U.S. outlines problematic barriers with major trade partners

19/04/2016

US outlines problematic trade barriers

US outlines problematic trade barriers

The Office of the U.S. Trade Representative released its National Trade Estimate Report on Foreign Trade Barriers earlier this month, outlining trade issues which are unresolved and deemed detrimental to U.S. companies and interests.

“The United States has observed a growing trend among our trading partners to impose localization barriers to trade – measures designed to protect, favor, or stimulate domestic industries, service providers, or intellectual property at the expense of imported goods, services, or foreign-owned or developed intellectual property,” the report said in the introduction.

These actions can distort trade, discourage foreign direct investment, and encourage other trading partners to impose similar measures, the USTR report warned.

Diary and liquor restrictions still a problem

Canada is one of the U.S.’ most important trade partner, accounting for $312.1 billion in U.S. exports. The U.S. imported $346.1 billion worth of Canadian goods in 2014.

However, agricultural barriers still remain, including restrictions on the export of U.S. seeds, as well as the Canadian regulations for cheese compositions.

Tariff-rate quotas, particularly in the dairy sector, impose high duties on U.S. goods which exceed yearly tariffs.

The U.S. also sees the Canadian liquor sale system – where each province is in charge of all liquor sold – as a problem for U.S. exporters, as this system results in cost-of-service markups and restrictions on what provinces decide they will sell.

Problems also remain with Canada’s government procurement, in that the U.S. feels American firms are not fully able to compete for government service contracts.

TTIP may take down barriers but issues remain in trade with EU

With the European Union, the U.S. is actively trying to overcome existing trade barriers through the negotiation of the Transatlantic Trade and Investment Partnership (TTIP). These trade barriers exist in several sectors, from automobiles to agriculture to pharmaceuticals.

The U.S. maintains that its transport trucks are at a commercial disadvantage because of differences in how the EU and the U.S. measure the length of their vehicles (the EU measures tractors from the front bumper to the rear, while the U.S. measures trucks on the trailer alone).

The U.S. maintains that due to EU restrictions on the length of truck-trailer combos, U.S. trucks are only able to pull shorter semi-trailers, which makes these trucks uncompetitive in the EU market.

Food labeling is another area of contention.

The EU will force food companies to display nutrition labeling on all products starting in December 2016, but have yet to finalize these requirements.

Additionally, member states have been given significant leeway to set their own requirements, which the U.S. government contends will add to the cost of selling in these markets.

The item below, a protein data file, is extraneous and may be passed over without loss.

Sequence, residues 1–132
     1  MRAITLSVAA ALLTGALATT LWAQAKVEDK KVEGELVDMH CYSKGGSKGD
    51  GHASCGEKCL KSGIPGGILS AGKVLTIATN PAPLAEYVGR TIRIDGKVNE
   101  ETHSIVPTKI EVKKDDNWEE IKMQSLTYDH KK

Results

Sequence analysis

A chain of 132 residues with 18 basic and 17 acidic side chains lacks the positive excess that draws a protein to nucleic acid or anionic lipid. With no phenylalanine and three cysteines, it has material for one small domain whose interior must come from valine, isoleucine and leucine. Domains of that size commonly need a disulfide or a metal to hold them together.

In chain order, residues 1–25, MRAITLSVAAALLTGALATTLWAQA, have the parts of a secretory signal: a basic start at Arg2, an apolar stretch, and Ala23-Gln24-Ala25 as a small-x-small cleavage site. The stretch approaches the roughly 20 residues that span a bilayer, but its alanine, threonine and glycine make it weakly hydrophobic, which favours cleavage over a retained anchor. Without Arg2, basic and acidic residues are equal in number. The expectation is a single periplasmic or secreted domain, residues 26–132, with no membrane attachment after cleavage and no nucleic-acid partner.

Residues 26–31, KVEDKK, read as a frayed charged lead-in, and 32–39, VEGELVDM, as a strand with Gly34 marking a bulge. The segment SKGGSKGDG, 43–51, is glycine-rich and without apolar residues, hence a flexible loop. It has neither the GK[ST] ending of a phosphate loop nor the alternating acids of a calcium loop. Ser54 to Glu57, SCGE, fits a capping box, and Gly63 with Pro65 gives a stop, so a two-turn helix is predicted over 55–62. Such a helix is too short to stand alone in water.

The U.S. is also unhappy with the lack of transparency and uncertain legislation of EU member states in regards to pharmaceutical products. The USTR has further issues with lack of consideration in government procurement contracts across the trading bloc.

China remains unpredictable

Of all of the U.S.’ major trading partners, it has by far the longest laundry list of issues with China, its third-largest export market.

China still blocks exports of American beef, and has maintained restrictions on exports from several U.S. states over the export of poultry, due to prior concerns about avian flu.

The USTR is also unhappy with the Chinese government’s lengthy approval process for agricultural products derived from biotechnology, notably corn and dried distillers’ grains.

China’s excess capacity, particularly in steel, is also damaging the U.S. economy, the USTR said. China’s steel overproduction has wrought havoc on worldwide steel operations, depressing prices and making it nearly impossible for foreign and American steelmakers to recoup their costs and turn a profit on the metal.

The U.S. is also concerned by the nature of China’s agricultural regulations, which the report terms as among the least transparent and most unpredictable in the world market. The report stated:

Capricious practices by Chinese customs and quarantine agencies delay or halt shipments of agricultural products to China.

The majority of difficulties lie with China’s failure to abide by intellectual property restrictions, such as the protection of trade secrets, pirating of technological goods, and copying of manufacturing goods.

Thefts of trade secrets are “commonplace,” the report said, with both the Chinese government and military successfully hacking into computers of U.S. firms and stealing terabytes of information.

Software piracy remains a major issue, while the online piracy of movies, books, and games continues unabated.

Counterfeiting of goods – from designer handbags to medications – is also an issue that has yet to be resolved, the report stated.

Disclaimer: The opinions expressed in this article are those of the contributing author, and do not necessarily reflect those of the Forum for International Trade Training.

About the author

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Author: Jacqueline Côté

I am a working journalist, with experience as SNL Financial’s Canadian correspondent for its Mining and Metals vertical. I also served as the Managing Editor for Central Asia Newswire – covering daily economic and investment news in the region – as well as Features Editor for the Washington-based Magharebia.com, which covers developments in the North Africa region. I have been published in The Montreal Gazette, The Guardian (UK), The New Statesman (UK), Red Pepper (UK), Geopolitical Monitor and CNN.com.

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